Update (18th December 2016)
Following the decision by Unite to call strike action on Christmas Day and Boxing Day, British Airways released a strongly worded statement denouncing the strike and confirming that they would do everything to make it fail. The full statement reads:
We are appalled that Unite proposes to disrupt customers’ travel plans on such special days when so many families are trying to gather together or set off on well-deserved holidays.
This calculated and heartless action is completely unnecessary and we are determined that it will fail.
We will plan to ensure that all our customers travel to their destinations so that their Christmas arrangements are not ruined.
Meanwhile, the mood amongst frequent flyers is swinging in favour of the workers caught up in this dispute with many arguing that new cabin crew should earn a decent, living wage.
On the 14th December, it was announced that cabin crew from the ‘Mixed Fleet’ branch at British Airways had voted in favour of strike action.
The union which represents these workers, Unite the union, claimed that 79% of balloted members backed the call for strikes. The dispute centres over a long-running fight between British Airways and it’s Mixed Fleet workers over pay and conditions.
2,500 cabin crew who are represented by Unite could go on strike from 21st December in one of the busiest weeks for the London based airline.
For its part, British Airways has offered staff a 2% pay raise and claim that the remuneration package for their cabin crew is comparable with other airlines throughout Europe.
Is British Airways misleading cabin crew recruits?
However, Unite has warned potential recruits that British Airways is misleading them about their earning potential. The starting salary for a new member of cabin crew is advertised at between £21,000 to £25,000 on the BA Careers website. But Unite thinks that the airline should come clean and tell potential crew that the real salary is just £12,000 with a supplemental £3 an hour flying pay.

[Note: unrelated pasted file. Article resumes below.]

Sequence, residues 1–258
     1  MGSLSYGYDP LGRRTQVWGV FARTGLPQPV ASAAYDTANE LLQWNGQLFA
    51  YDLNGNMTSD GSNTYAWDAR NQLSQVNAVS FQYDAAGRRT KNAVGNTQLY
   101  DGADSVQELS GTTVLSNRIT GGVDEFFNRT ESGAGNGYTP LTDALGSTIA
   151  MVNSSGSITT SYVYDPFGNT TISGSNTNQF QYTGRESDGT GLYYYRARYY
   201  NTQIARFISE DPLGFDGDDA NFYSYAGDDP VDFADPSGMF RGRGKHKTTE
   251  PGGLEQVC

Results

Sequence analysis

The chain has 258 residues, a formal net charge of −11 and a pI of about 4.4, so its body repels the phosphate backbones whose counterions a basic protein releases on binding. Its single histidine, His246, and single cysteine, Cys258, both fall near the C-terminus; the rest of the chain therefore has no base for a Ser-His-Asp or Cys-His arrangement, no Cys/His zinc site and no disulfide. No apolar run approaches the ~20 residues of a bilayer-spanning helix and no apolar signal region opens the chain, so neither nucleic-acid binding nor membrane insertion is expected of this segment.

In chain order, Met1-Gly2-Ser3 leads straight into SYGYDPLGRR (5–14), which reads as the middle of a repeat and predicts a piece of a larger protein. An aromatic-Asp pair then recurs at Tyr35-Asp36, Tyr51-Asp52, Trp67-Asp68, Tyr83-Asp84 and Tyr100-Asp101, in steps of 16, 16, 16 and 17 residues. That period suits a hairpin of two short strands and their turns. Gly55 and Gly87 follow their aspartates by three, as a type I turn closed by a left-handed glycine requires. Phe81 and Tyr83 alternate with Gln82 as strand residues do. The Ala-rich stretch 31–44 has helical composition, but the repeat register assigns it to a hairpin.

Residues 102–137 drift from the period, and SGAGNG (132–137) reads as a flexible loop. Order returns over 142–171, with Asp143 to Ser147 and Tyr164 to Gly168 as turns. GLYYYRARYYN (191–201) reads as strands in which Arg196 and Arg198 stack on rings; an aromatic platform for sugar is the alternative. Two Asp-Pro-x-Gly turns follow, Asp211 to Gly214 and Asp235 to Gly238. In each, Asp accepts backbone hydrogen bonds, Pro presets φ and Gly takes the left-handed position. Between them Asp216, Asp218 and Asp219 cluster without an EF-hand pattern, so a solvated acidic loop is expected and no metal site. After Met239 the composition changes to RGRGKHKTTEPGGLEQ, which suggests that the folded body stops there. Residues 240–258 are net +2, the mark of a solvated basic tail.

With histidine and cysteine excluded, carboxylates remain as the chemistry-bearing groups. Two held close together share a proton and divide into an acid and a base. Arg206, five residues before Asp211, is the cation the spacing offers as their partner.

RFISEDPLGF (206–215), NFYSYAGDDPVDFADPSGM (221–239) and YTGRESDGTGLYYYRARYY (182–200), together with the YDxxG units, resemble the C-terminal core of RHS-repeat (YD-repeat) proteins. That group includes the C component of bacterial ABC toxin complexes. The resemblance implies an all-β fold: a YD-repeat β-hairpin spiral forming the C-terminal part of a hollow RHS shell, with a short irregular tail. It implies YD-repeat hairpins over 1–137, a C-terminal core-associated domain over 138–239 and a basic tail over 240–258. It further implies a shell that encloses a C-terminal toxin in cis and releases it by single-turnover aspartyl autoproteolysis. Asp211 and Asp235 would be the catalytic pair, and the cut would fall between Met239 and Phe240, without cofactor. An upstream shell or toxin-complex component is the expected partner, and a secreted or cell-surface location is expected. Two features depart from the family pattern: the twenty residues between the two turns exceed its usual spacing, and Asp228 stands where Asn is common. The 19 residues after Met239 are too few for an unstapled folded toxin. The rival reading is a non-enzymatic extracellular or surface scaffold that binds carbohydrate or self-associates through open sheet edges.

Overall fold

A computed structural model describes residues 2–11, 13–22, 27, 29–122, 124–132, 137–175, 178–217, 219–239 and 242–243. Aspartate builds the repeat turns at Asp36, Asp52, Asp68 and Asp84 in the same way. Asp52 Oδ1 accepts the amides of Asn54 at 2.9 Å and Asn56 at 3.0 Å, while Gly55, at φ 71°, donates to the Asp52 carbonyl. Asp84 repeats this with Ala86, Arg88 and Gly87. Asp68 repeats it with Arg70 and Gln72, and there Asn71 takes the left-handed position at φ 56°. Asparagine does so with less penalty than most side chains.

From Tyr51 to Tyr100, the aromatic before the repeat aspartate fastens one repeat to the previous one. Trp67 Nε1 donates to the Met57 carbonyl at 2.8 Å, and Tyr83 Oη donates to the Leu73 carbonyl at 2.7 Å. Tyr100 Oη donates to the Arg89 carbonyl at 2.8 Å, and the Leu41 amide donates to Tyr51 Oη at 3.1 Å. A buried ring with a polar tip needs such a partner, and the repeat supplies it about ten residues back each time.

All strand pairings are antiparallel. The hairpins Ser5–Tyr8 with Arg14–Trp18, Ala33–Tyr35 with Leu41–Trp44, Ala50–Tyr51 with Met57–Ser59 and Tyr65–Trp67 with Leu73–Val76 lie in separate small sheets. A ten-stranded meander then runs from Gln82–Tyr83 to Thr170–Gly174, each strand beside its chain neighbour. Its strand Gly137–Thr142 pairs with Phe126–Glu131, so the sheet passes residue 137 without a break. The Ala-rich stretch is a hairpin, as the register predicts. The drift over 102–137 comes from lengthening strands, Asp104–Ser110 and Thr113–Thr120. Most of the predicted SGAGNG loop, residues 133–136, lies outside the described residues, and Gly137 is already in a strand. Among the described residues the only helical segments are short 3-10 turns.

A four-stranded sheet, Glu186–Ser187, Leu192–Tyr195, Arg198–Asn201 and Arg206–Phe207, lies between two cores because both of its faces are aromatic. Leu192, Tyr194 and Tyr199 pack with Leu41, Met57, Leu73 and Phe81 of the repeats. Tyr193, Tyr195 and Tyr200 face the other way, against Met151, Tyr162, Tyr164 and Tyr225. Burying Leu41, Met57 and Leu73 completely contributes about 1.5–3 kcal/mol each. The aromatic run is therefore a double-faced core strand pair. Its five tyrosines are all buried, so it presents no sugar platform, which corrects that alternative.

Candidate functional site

Matt Smith, a Regional Officer for Unite was quoted as saying: “Mixed fleet crew earn just over the minimum wage and below the national average. Significant numbers of crew are taking on second jobs, many go to work unfit to fly because they can’t afford to be sick”.
He also raised concerns about the long-term effects and safety issues for crew on the Mixed Fleet contract: “Crew simply can’t afford to stay. Inexperience, fatigue, and the fact that BA recently cut the length of crew training courses means Unite is genuinely concerned about the potential repercussions.”
British Airways has form for breaking strikes
But it’s unlikely that British Airways will back down in this continuing dispute. The last cabin crew strike at BA in 2009 and 2010 led to a total of 20 days of strike action that cost the company £150 million.
British Airways remained resolute throughout this action and eventually settled the dispute mainly on their terms.
Any new strike will have little effect on schedules
In the 2009/2010 strikes, workers on generous pay packages could afford to strike. The question is whether Mixed Fleet crew will have the appetite to strike when it directly affects their already low monthly pay.
And it’s unlikely that management at the airline will be making any major concessions for such a small proportion of the workforce.
Mixed Fleet cabin crew currently operate just 15% of routes based out of Heathrow Airport in West London.
Out of a total of 15,000 crew the union only represents 2,500 members. Out of all crew working on the Mixed Fleet contract only half are represented by Unite and just 60% of those members even cast a ballot.
It would appear that the union has little leverage in this dispute in what has been a turbulent year for labour relations amongst a host of airlines throughout Europe.
Recruitment for British Airways Mixed Fleet crew is currently closed. However, the airline is still inviting applications for BA CityFlyer crew based at London City Airport. The last date of application is 29th December 2016.
Photo Credit: British Airways
Mateusz Maszczynski honed his skills as an international flight attendant at the most prominent airline in the Middle East and has been flying throughout the COVID-19 pandemic for a well-known European airline. Matt is passionate about the aviation industry and has become an expert in passenger experience and human-centric stories. Always keeping an ear close to the ground, Matt's industry insights, analysis and news coverage is frequently relied upon by some of the biggest names in journalism.